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When certain parts of life run too long—meetings, for example, or neckties, or wedding toasts—there's a good case for trying for an abridged version next time. But when you're talking curtains, bed skirts, slipcovers, or any fabric that flirts with the ground in your home, adding a few extra inches is all that stands between you and a much more relaxed (and yet smartly styled) feel.
And with so much of home design tending towards minimalism, a little bit of pooling fabric might just be the touch that makes things feel cozy and homey rather than austere (plus, it's extra forgiving of sloping old floors).
Here are a few tips for pulling off the look.
1. Use a quality fabric.
Whether you go with something silkier (like organza), more structured (like velvet), or airy (like linen), the pooling effect will show off its structure—so cheap fabric will read that way.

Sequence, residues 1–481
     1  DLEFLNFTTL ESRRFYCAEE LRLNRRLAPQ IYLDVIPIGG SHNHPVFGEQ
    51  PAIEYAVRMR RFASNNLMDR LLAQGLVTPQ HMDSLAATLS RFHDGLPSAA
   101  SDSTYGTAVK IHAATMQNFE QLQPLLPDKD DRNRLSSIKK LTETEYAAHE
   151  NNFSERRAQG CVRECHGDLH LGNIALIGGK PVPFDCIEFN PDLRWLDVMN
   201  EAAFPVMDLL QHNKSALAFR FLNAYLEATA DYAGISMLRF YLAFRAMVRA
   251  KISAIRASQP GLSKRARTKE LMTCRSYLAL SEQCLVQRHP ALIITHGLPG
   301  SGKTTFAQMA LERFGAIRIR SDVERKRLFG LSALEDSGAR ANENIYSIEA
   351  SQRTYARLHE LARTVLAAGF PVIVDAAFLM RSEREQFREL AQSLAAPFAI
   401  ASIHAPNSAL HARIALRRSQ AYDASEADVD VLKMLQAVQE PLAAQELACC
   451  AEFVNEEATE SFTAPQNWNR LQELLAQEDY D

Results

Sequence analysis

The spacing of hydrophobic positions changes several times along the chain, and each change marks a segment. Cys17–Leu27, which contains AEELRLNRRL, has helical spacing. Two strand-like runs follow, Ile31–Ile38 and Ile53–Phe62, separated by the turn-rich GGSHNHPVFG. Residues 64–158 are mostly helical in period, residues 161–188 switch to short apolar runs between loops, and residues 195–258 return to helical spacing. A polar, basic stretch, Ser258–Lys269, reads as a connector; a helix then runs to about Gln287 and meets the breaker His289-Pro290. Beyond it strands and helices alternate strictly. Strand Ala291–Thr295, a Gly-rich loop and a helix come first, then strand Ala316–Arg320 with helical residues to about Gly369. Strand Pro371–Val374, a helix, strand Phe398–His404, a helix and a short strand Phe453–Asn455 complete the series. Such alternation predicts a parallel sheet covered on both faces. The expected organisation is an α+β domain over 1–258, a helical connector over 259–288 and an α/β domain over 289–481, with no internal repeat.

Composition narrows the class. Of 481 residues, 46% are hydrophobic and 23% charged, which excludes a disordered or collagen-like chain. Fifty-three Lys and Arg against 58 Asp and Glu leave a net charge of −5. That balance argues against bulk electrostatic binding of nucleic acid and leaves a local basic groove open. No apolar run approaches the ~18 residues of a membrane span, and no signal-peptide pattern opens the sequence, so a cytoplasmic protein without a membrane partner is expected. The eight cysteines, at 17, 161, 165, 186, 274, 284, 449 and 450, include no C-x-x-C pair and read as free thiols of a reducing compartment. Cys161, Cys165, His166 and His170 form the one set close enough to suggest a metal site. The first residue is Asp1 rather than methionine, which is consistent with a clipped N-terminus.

2. Don't do it everywhere.
This look can give off a messy feel if you overdo it, so don't pool more than one fabric or furnishing in a room. Metal or wood pieces on furniture legs will keep the overall appearance cleaner.
Linen maintains its structure as it gathers.
3. Aim for an added 1 to 3 extra inches.
Going even more overboard (adding six whole inches, let's say) will look extra—maybe overly—romantic, and at that length you might be fluffing and futzing with them, to get them to way the way you like, more than admiring them.
4. Skip other frills.
Adding trim along the bottom, pleating, or ruffles will take this look from casual to fruffy very quick; a simple panel, doubling over or puffing up, is more elegant than any bells and whistles could be.
Quilts and blankets can spill over the sides of a bed, too.
In the literal sense, it's going to be easier to get this effect if you have an upholsterer create a custom panel length—though alternatively, you could let out a standard curtain length's hem a few inches to make it work.
6. Don't limit pooling to curtains.
Think beyond curtains and bed skirts: Slip covers, tablecloths, and shower curtains (the washable, don't-mind-getting-wet variety) could all be barely pooled, too.
This post was originally published in June 2016.